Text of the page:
Leak: Putin warlord worked in Mexico to meddle in the 2020 U.S. election
Donald Trump, Vladimir Putin 99Photo via AFP)

A notorious Russian warlord closely aligned with President Vladimir Putin set up a covert operation in Mexico to spread disinformation about the 2020 American election, according to a report at Business Insider.

The boss of the operation known as Social CMS was Yevgeny Prigozhin, a convicted felon who runs a catering business (and) is often called "Putin's chef" for his long-standing alliance with the Russian president, dating back to the 1990s, when Prigozhin opened two fashionable restaurants in St. Petersburg,” Business Insider reported.

Prigozhin was also notorious, the report said, as “the man who founded the Internet Research Agency, the troll farm in St. Petersburg, Russia, that propagated pro-Trump and anti-Clinton memes in an attempt to influence the US presidential election in 2016.”

Using Social CMS, “the Russian warlord had set up shop in Mexico, in the months leading up to another US election, in an attempt to spread divisive messages and build a horde of devoted online followers,” the report said.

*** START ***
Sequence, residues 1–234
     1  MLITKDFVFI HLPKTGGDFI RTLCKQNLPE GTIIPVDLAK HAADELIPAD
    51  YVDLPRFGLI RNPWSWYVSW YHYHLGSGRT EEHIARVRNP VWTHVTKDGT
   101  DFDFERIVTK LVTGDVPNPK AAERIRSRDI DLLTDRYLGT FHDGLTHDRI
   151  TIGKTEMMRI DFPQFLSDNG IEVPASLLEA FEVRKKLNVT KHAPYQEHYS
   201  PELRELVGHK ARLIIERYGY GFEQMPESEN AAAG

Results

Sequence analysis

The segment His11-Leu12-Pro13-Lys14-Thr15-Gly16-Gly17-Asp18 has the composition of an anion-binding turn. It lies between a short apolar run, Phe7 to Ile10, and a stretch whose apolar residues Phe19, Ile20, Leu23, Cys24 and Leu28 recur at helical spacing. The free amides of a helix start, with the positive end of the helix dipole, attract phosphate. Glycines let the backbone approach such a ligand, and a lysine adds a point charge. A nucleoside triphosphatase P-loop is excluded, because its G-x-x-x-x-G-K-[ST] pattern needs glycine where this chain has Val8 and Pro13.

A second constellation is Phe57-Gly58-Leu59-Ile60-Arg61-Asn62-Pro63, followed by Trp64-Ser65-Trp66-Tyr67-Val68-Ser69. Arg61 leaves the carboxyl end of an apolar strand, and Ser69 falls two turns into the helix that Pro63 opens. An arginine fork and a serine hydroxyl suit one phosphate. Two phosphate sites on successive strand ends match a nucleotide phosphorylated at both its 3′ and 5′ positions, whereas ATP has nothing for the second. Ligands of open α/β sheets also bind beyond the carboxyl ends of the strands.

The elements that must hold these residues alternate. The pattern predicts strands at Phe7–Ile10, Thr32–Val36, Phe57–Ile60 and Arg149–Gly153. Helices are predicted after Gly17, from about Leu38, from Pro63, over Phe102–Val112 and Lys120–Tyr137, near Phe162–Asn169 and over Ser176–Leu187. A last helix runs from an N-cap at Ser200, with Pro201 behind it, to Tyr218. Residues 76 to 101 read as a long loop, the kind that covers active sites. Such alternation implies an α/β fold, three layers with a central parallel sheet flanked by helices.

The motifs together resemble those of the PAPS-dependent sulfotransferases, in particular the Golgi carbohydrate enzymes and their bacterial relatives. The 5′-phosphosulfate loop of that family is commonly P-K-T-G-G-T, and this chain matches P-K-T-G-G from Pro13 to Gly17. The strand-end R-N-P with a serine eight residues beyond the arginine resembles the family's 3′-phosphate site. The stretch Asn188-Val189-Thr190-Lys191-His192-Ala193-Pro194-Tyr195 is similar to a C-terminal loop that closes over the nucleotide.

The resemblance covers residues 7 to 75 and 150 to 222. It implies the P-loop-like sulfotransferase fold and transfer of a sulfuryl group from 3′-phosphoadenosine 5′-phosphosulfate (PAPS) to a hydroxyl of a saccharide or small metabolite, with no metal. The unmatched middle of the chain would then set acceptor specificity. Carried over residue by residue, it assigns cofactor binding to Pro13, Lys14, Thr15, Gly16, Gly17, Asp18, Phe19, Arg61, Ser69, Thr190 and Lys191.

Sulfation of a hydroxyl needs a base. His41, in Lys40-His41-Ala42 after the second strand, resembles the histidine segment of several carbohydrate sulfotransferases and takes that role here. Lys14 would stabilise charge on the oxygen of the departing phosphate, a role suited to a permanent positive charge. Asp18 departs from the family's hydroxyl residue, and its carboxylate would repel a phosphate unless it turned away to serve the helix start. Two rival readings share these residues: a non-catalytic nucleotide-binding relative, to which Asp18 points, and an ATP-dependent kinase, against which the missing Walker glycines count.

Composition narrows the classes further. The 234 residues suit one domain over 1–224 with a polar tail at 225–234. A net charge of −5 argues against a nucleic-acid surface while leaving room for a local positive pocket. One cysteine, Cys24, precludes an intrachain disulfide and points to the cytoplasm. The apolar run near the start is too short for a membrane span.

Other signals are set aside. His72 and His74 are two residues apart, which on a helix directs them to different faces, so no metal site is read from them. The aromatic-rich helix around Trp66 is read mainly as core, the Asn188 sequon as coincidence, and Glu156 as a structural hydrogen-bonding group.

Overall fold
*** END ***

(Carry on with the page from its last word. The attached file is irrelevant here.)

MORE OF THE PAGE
Prigozhin’s role was exposed by a leak of more than 2,000 documents from Wagner Group, still another company that he runs, according to the report. It was described as a Kremlin-backed mercenary company that has sent thousands of convicts to support Putin’s war in Ukraine.

ALSO IN THE NEWS: Fox News is in a 'world of hurt' and facing a 'gargantuan verdict' in billion dollar lawsuit

Insider reports it has spent weeks combing through the leaked documents. Among its conclusions was this:

“Compared to Russia's social-media efforts in 2016, Social CMS was a low-budget operation, one tiny drop injected into the daily torrent of memes that flow organically — and authentically — from the political grievances of American voters. Its impact, though hard to measure, was likely rather small. One week before the election, after being tipped off by the FBI, Facebook shut down Social CMS's accounts.

But just because Social CMS didn't yield an immediate, large-scale impact doesn't mean it should be ignored. Even if low-rent troll farms can't actually swing an election, they can still undermine democracy by seeding moral panic and raising questions about the winner's legitimacy. Indeed, while the ultimate objective of Social CMS remains murky, its very existence serves as a reminder of the shadowy financing behind untold numbers of online actors who actively seek to disrupt and poison the national discourse.

READ: Senators demand answers about 'alarming' reports of excessive and risky procedures on veterans